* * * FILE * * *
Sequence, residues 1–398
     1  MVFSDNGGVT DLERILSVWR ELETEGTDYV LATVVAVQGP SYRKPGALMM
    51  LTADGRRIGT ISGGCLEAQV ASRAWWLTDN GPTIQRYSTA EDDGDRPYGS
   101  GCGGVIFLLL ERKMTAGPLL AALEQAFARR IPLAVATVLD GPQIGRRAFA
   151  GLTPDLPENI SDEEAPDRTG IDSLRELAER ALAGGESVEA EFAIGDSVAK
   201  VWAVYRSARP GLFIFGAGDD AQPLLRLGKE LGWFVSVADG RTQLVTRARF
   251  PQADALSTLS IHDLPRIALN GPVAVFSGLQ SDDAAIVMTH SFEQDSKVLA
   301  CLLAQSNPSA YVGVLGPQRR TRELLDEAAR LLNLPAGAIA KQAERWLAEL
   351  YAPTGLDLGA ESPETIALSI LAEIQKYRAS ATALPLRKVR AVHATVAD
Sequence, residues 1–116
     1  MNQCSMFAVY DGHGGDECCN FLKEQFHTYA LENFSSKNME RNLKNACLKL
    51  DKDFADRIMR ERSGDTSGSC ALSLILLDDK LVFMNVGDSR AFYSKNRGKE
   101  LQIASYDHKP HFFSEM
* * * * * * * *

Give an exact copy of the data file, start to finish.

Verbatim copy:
Sequence, residues 1–398
     1  MVFSDNGGVT DLERILSVWR ELETEGTDYV LATVVAVQGP SYRKPGALMM
    51  LTADGRRIGT ISGGCLEAQV ASRAWWLTDN GPTIQRYSTA EDDGDRPYGS
   101  GCGGVIFLLL ERKMTAGPLL AALEQAFARR IPLAVATVLD GPQIGRRAFA
   151  GLTPDLPENI SDEEAPDRTG IDSLRELAER ALAGGESVEA EFAIGDSVAK
   201  VWAVYRSARP GLFIFGAGDD AQPLLRLGKE LGWFVSVADG RTQLVTRARF
   251  PQADALSTLS IHDLPRIALN GPVAVFSGLQ SDDAAIVMTH SFEQDSKVLA
   301  CLLAQSNPSA YVGVLGPQRR TRELLDEAAR LLNLPAGAIA KQAERWLAEL
   351  YAPTGLDLGA ESPETIALSI LAEIQKYRAS ATALPLRKVR AVHATVAD
Sequence, residues 1–116
     1  MNQCSMFAVY DGHGGDECCN FLKEQFHTYA LENFSSKNME RNLKNACLKL
    51  DKDFADRIMR ERSGDTSGSC ALSLILLDDK LVFMNVGDSR AFYSKNRGKE
   101  LQIASYDHKP HFFSEM